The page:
Having adequate personal space is an important aspect of users’ comfort with their environment. In a restaurant, for instance, spatial intrusion by others can lead to avoidance responses such as early departure or a disinclination to spend. A web-based survey of more than 1,000 Americans elicited behavioral intentions and emotional responses to a projected restaurant experience when parallel dining tables were spaced at six, twelve, and twenty-four inches apart under three common dining scenarios. Respondents strongly objected to closely spaced tables in most circumstances, particularly in a “romantic” context. Not only did the respondents react negatively to tightly spaced tables but they were generally disdainful of banquette-style seating, regardless of table distance. The context of the dining experience (e.g., a business lunch, a family occasion) is likely to be a key factor in consumers’ preferences for table spacing and their subsequent behaviors. Gender was also a factor, as women were much less comfortable than men in tight quarters. The findings are clear but the implications for restaurateurs are not, because a tight table arrangement has been demonstrated to shorten the dining cycle without affecting spending. However, diners may be less likely to return to a restaurant with uncomfortable table spacing.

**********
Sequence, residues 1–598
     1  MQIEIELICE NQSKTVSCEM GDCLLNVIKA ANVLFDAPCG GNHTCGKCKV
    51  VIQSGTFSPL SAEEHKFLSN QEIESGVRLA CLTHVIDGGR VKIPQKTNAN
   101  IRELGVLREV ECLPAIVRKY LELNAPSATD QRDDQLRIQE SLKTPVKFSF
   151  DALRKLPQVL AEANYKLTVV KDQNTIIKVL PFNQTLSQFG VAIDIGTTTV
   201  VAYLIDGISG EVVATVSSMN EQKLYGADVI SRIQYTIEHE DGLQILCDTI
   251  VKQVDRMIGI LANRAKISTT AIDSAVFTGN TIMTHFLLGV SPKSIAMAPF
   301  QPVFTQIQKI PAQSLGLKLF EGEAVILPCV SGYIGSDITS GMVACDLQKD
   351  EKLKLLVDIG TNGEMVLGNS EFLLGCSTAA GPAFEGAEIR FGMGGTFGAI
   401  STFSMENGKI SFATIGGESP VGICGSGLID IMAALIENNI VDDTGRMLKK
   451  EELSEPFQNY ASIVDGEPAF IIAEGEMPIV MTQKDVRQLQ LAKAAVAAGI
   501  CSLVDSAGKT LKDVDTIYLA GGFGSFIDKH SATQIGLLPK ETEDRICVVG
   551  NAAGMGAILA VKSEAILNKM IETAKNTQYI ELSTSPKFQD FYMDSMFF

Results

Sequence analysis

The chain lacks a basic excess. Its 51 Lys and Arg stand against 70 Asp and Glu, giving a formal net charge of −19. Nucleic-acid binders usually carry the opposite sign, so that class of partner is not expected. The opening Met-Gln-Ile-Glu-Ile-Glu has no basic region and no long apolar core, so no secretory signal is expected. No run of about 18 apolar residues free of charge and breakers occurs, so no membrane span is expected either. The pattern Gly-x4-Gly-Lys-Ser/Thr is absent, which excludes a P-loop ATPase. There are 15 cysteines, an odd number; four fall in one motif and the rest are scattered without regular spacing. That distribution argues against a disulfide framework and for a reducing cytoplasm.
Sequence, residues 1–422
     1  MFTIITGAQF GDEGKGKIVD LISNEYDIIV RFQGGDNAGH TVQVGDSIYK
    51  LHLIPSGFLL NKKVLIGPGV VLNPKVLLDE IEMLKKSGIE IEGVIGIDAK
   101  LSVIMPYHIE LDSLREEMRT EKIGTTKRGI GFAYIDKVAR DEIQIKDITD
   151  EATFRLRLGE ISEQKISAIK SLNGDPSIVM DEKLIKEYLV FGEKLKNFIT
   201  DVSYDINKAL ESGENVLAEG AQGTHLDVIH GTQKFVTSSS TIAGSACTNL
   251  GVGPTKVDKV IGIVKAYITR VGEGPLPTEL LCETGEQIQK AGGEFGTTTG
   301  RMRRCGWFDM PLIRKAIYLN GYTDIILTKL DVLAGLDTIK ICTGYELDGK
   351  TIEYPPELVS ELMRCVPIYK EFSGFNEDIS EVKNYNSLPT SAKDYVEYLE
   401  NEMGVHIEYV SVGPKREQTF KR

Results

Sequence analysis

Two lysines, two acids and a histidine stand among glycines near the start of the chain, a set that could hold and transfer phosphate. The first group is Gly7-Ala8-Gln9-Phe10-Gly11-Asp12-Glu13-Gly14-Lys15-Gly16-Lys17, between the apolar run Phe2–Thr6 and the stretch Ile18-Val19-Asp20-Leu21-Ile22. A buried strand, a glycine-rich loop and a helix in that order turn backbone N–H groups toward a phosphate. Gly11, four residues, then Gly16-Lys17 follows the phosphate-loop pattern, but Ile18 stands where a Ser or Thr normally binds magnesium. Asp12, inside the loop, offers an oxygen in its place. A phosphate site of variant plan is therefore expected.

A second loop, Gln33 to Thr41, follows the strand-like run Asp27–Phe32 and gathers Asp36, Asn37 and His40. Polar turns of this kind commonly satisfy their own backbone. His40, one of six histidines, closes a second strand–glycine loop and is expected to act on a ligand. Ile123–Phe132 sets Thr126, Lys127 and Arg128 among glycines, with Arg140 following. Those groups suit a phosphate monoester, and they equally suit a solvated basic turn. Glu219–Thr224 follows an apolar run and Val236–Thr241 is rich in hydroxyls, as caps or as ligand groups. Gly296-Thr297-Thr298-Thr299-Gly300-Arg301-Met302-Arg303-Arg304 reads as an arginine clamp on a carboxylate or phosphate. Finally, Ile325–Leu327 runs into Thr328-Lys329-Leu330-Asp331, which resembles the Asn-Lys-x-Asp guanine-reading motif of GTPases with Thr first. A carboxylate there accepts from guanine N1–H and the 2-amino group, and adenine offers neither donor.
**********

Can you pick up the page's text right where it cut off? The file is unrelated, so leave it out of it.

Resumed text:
Robson, S. K. A., Kimes, S. E., Becker, F. D., & Evans, G. W. (2011). Consumer responses to table spacing in restaurants [Electronic version]. Cornell Hospitality Quarterly, 52(3), 253-264. Retrieved [insert date], from Cornell University, School of Hospitality Administration site: http://scholarship.sha.cornell.edu/articles/126/